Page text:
Definitions for: Table


[n] a piece of furniture having a smooth flat top supported by one or more vertical legs; "it was a sturdy table"
[n] a piece of furniture with tableware for a meal laid out on it; "I reserved a table at my favorite restaurant"
[n] food or meals in general; "she sets a fine table"; "room and board"
[n] a set of data arranged in rows and columns; "see table 1"
[n] a company of people assembled at a table for a meal or game; "he entertained the whole table with his witty remarks"
[n] flat tableland with steep edges; "the tribe was relatively safe on the mesa but they had to descend into the valley for water"
[v] hold back to a later time; "let's postpone the exam"



Webster (1913) Definition: Ta"ble, n. [F., fr. L. tabula a board, tablet, a
painting. Cf. Tabular, Taffrail, Tavern.]
1. A smooth, flat surface, like the side of a board; a thin,
flat, smooth piece of anything; a slab.

A bagnio paved with fair tables of marble. --Sandys.

2. A thin, flat piece of wood, stone, metal, or other
material, on which anything is cut, traced, written, or
painted; a tablet; pl. a memorandum book. ``The names . .
. written on his tables.'' --Chaucer.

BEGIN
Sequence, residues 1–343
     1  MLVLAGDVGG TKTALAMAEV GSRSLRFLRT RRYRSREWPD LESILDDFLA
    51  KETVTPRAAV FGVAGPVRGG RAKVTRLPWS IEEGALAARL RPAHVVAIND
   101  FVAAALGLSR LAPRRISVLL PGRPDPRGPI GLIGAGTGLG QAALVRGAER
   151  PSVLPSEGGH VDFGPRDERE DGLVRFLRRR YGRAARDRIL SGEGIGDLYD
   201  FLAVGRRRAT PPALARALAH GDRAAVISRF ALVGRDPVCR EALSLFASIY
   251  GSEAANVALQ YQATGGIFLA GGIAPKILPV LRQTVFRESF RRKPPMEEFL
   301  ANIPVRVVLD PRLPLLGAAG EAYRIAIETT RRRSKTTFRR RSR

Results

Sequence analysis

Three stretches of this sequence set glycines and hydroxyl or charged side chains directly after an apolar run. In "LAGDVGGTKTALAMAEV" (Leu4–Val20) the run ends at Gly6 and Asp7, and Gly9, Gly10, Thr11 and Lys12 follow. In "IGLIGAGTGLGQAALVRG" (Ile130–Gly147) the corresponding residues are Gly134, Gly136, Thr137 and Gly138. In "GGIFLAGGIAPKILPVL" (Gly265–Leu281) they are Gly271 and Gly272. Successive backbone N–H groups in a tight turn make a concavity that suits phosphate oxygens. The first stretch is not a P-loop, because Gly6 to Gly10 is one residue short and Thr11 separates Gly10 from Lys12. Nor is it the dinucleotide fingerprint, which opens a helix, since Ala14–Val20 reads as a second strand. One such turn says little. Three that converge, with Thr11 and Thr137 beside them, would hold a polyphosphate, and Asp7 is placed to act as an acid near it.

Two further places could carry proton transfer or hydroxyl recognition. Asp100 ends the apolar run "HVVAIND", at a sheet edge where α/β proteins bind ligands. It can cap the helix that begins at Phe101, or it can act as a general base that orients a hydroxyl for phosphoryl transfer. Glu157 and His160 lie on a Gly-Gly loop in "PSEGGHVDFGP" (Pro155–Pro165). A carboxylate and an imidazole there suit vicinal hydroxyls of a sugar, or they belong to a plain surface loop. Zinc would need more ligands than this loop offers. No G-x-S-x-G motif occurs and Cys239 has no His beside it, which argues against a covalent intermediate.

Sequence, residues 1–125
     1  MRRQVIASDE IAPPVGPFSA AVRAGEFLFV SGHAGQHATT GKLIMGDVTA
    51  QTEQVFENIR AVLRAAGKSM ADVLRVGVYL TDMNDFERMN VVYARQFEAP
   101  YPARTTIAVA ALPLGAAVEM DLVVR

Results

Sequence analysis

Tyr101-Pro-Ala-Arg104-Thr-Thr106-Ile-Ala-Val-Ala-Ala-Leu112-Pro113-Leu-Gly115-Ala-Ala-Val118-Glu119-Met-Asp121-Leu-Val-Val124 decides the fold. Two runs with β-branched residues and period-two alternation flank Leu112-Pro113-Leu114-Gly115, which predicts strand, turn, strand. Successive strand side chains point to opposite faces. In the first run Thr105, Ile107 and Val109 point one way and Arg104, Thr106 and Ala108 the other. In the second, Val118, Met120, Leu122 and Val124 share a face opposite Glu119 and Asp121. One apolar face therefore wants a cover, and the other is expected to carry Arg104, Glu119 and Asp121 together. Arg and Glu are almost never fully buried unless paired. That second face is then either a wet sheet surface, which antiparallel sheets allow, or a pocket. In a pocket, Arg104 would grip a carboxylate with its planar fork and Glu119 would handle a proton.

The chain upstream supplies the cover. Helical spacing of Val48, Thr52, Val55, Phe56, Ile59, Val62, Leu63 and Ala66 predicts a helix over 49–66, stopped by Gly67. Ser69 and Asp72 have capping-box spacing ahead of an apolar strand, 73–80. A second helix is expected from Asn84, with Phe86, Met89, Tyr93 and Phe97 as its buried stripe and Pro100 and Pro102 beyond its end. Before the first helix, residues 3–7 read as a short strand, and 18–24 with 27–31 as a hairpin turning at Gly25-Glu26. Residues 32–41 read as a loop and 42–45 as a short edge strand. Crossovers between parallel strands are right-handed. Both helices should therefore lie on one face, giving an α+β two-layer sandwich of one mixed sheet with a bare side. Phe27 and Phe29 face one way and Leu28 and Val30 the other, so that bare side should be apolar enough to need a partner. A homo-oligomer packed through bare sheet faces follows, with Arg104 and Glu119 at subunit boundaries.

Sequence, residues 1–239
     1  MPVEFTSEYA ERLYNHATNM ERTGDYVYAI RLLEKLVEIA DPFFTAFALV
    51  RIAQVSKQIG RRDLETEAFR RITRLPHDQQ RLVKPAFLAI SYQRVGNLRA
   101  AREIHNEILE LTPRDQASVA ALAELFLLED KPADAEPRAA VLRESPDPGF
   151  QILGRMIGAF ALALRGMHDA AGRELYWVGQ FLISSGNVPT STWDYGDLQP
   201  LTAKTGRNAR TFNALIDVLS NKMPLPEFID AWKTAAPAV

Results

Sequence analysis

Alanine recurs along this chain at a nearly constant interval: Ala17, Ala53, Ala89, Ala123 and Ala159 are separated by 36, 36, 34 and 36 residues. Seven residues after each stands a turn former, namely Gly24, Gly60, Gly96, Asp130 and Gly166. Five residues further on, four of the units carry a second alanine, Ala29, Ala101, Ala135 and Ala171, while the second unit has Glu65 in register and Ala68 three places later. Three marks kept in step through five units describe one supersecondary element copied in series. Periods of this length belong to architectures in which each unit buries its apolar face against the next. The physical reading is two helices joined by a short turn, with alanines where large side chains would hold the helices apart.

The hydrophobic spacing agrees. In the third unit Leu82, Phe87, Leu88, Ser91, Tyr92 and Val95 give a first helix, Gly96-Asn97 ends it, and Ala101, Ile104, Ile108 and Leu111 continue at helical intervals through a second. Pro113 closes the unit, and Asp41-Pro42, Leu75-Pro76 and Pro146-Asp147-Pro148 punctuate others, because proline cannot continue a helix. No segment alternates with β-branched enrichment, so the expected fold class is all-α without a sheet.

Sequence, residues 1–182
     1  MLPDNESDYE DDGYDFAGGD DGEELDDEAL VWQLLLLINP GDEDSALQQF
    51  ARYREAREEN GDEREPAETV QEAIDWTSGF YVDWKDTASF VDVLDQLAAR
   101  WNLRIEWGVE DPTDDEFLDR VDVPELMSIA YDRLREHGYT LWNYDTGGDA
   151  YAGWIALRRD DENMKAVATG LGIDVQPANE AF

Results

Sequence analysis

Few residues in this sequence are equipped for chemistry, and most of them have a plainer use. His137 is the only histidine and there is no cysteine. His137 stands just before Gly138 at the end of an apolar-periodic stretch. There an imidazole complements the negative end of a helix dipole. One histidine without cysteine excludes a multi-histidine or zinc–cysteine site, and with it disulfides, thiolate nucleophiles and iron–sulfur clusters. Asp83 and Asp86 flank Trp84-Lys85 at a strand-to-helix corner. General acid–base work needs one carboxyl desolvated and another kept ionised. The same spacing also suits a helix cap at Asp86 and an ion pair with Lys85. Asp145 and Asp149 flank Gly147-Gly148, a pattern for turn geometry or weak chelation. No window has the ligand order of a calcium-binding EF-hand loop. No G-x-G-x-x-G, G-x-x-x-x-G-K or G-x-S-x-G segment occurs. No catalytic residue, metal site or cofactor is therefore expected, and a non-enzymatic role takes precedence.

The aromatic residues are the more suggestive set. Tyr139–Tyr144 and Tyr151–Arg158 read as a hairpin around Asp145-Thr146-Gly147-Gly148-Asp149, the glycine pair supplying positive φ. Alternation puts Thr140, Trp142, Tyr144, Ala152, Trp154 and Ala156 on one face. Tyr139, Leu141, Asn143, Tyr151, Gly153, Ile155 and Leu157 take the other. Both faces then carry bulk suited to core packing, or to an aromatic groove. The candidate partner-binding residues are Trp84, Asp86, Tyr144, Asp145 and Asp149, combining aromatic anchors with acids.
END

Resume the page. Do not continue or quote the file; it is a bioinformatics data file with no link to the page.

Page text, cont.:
And the Lord said unto Moses, Hew thee two tables of
stone like unto the first, and I will write upon
these tables the words that were in the first
tables, which thou brakest. --Ex. xxxiv.
1.

And stand there with your tables to glean The golden
sentences. --Beau. & Fl.

3. Any smooth, flat surface upon which an inscription, a
drawing, or the like, may be produced. ``Painted in a
table plain.'' --Spenser.

The opposite walls are painted by Rubens, which,
with that other of the Infanta taking leave of Don
Philip, is a most incomparable table. --Evelyn.

St. Antony has a table that hangs up to him from a
poor peasant. --Addison.

4. Hence, in a great variety of applications: A condensed
statement which may be comprehended by the eye in a single
view; a methodical or systematic synopsis; the
presentation of many items or particulars in one group; a
scheme; a schedule. Specifically:
(a) (Bibliog.) A view of the contents of a work; a
statement of the principal topics discussed; an index;
a syllabus; a synopsis; as, a table of contents.
(b) (Chem.) A list of substances and their properties;
especially, a list of the elementary substances with
their atomic weights, densities, symbols, etc.


(c) (Mach.) Any collection and arrangement in a condensed
form of many particulars or values, for ready
reference, as of weights, measures, currency, specific
gravities, etc.; also, a series of numbers following
some law, and expressing particular values
corresponding to certain other numbers on which they
depend, and by means of which they are taken out for
use in computations; as, tables of logarithms, sines,
tangents, squares, cubes, etc.; annuity tables;
interest tables; astronomical tables, etc.
(d) (Palmistry) The arrangement or disposition of the
lines which appear on the inside of the hand.

Mistress of a fairer table Hath not history for
fable. --B. Jonson.

5. An article of furniture, consisting of a flat slab, board,
or the like, having a smooth surface, fixed horizontally